Section 53069.4, subdivision (b)(1) creates an exception to the general rule that a petition for administrative mandamus, pursuant to Code of Civil Procedure section 1094.5, is “the exclusive remedy for judicial review of the quasi[-]adjudicatory administrative action of local level agencies.” (Saad v. City of Berkeley (1994) 24 Cal.App.4th 1206, 1211, 30 Cal.Rptr.2d 95.) In particular, it provides: “Notwithstanding Section 1094.5 or 1094.6 of the Code of Civil Procedure, within 20 days after service of the final administrative order or decision of the local agency is made pursuant to an ordinance enacted in accordance with this section regarding the imposition, enforcement, or collection of the administrative fines or penalties, a person contesting that final administrative order or decision may seek review by filing an appeal to be heard by the superior court, where the same shall be heard de novo, except that the contents of the local agency's file in the case shall be received in evidence. A proceeding under this subdivision is a limited civil case.” (§ 53069.4, subd. (b)(1), italics added.) The question presented by this appeal is whether the italicized language precludes a de novo review of a local code enforcement administration decision that imposes a penalty of over $25,000. We conclude it does not.
“We review questions of statutory construction de novo. [Citation.] ‘Our primary task in interpreting a statute is to determine the Legislature's intent, giving effect to the law's purpose. [Citation.] We consider first the words of a statute, as the most reliable indicator of legislative intent. [Citation.]’ [Citation.] We construe the statute's words in context, and harmonize statutory provisions to avoid absurd results. [Citation.] If we find the statutory language ambiguous or subject to more than one interpretation, we may look to extrinsic aids, including legislative history or purpose to inform our views.” (John v. Superior Court (2016) 63 Cal.4th 91, 95-96, 201 Cal.Rptr.3d 459, 369 P.3d 238.)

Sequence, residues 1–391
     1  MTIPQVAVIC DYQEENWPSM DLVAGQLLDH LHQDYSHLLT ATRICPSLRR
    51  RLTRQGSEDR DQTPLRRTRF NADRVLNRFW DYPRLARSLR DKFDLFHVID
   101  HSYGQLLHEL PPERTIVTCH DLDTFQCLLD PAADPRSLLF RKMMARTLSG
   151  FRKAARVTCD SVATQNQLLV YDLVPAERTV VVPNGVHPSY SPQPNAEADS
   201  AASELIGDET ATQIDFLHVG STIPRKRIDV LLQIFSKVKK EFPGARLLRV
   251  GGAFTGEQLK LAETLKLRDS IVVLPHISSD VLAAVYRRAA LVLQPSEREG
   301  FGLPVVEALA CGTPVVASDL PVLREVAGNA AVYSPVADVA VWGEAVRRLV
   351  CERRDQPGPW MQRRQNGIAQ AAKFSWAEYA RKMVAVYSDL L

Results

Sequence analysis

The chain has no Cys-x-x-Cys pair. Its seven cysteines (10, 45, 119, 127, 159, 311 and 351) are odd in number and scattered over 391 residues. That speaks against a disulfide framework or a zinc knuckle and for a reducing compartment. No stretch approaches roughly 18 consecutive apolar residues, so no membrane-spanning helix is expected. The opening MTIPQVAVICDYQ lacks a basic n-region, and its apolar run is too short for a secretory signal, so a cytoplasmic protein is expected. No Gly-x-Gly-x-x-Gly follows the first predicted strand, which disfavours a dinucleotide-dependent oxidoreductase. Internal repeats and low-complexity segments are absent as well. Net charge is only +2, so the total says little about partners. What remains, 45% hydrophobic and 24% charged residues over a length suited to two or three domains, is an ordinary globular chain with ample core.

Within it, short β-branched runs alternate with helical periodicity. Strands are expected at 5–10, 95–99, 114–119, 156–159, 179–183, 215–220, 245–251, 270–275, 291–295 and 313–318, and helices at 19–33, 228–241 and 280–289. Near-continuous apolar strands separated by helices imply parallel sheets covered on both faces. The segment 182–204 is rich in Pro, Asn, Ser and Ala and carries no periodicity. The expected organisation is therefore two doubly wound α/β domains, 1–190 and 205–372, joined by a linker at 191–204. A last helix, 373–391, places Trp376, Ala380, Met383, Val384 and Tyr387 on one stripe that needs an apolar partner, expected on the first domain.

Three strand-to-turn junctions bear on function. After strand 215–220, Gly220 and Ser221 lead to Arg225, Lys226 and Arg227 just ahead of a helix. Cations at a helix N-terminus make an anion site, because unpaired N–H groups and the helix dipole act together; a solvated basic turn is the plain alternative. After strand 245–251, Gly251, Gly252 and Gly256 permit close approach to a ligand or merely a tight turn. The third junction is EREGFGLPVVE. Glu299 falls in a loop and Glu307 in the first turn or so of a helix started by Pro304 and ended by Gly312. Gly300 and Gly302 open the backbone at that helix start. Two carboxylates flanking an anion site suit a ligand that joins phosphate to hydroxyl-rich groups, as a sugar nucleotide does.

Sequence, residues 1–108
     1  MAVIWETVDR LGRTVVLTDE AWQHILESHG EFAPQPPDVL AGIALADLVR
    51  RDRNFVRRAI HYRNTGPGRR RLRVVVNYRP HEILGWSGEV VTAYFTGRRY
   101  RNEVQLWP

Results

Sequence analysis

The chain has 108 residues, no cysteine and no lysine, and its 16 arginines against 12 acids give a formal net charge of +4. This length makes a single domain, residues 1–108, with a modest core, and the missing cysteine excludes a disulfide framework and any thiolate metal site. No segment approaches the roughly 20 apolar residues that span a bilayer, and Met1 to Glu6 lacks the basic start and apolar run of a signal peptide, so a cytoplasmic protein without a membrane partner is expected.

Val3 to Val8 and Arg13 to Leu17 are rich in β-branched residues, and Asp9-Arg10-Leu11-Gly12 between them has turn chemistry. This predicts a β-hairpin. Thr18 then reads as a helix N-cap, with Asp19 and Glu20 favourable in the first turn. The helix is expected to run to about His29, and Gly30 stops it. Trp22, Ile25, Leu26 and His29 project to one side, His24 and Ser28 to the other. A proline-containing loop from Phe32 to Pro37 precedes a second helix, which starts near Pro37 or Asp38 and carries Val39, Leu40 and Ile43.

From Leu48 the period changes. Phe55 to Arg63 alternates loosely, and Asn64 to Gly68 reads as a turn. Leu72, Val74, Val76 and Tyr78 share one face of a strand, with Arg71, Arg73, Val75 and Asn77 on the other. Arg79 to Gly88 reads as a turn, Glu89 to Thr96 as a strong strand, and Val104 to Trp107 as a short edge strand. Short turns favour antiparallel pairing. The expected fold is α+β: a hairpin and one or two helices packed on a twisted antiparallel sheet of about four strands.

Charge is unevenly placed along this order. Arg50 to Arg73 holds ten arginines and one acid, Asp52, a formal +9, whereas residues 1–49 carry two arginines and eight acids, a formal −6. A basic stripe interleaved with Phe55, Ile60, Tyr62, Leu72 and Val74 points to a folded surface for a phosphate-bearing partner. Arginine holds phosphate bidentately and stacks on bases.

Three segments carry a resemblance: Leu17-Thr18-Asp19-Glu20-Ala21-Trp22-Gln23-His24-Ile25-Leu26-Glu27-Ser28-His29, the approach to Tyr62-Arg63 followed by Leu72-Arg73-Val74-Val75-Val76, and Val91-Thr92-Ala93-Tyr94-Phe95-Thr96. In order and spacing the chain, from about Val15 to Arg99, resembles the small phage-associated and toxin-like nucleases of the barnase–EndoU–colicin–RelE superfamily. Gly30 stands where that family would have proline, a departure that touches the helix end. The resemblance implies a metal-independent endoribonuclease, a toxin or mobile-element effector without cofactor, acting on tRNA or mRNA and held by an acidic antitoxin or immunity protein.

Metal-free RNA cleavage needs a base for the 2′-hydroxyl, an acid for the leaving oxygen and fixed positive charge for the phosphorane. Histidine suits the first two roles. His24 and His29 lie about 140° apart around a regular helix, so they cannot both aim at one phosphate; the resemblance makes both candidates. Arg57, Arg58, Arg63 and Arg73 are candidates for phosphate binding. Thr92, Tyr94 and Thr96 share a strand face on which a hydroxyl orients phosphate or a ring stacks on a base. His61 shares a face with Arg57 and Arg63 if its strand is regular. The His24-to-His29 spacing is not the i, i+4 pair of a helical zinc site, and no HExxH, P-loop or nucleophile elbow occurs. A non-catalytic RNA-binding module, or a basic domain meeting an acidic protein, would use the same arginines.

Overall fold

The language at issue provides only a default classification for an action brought pursuant to section 53069.4. It does not preclude an action from being brought as an unlimited civil case. (See Code Civ. Proc., § 89, subd. (a) [“The existence of a statute relating to the authority of the court in a limited civil case does not, by itself, imply that the same authority does or does not exist in an unlimited civil case”].) Since the trial court's ruling, another court of appeal has explained, “[s]ection 53069.4 does not tell the whole story with respect to the appropriate jurisdictional classification of civil cases brought under its terms. Rather, Code of Civil Procedure section 85 additionally provides that ‘notwithstanding any statute that classifies an action or special proceeding as a limited civil case, an action or special proceeding shall not be treated as a limited civil case unless all of [three] conditions are satisfied.’ (Italics added.) The first of these three conditions requires that ‘[t]he amount in controversy does not exceed twenty-five thousand dollars ($25,000).’ (Code Civ. Proc., § 85, subd. (a).) In addition, the relief sought must be of ‘a type that may be granted in a limited civil case’ (id., subd. (b)) and must be ‘exclusively of a type described in one or more statutes that classify an action or special proceeding as a limited civil case’ (id., subd. (c)). Code of Civil Procedure section 85 provides a nonexhaustive list of statutes that classify an action or special proceeding as a limited civil case, a list which includes section 53069.4. (Code Civ. Proc., § 85, subd. (c)(14).) Since it is apparent that the Legislature was aware of section 53069.4 when it adopted new requirements for classification of limited civil actions, and Code of Civil Procedure section 85 expressly supersedes any other statute classifying an action or proceeding as limited, it is ineluctable that a section 53069.4 appeal in which the amount in controversy exceeds $25,000 must be classified as an unlimited civil action.” (Humboldt, supra, 46 Cal.App.5th at pp. 308-309, 259 Cal.Rptr.3d 687.)5 Thus, section 53068.4 does not provide that where the amount in controversy exceeds $25,000, a section 53069.4 appeal cannot occur.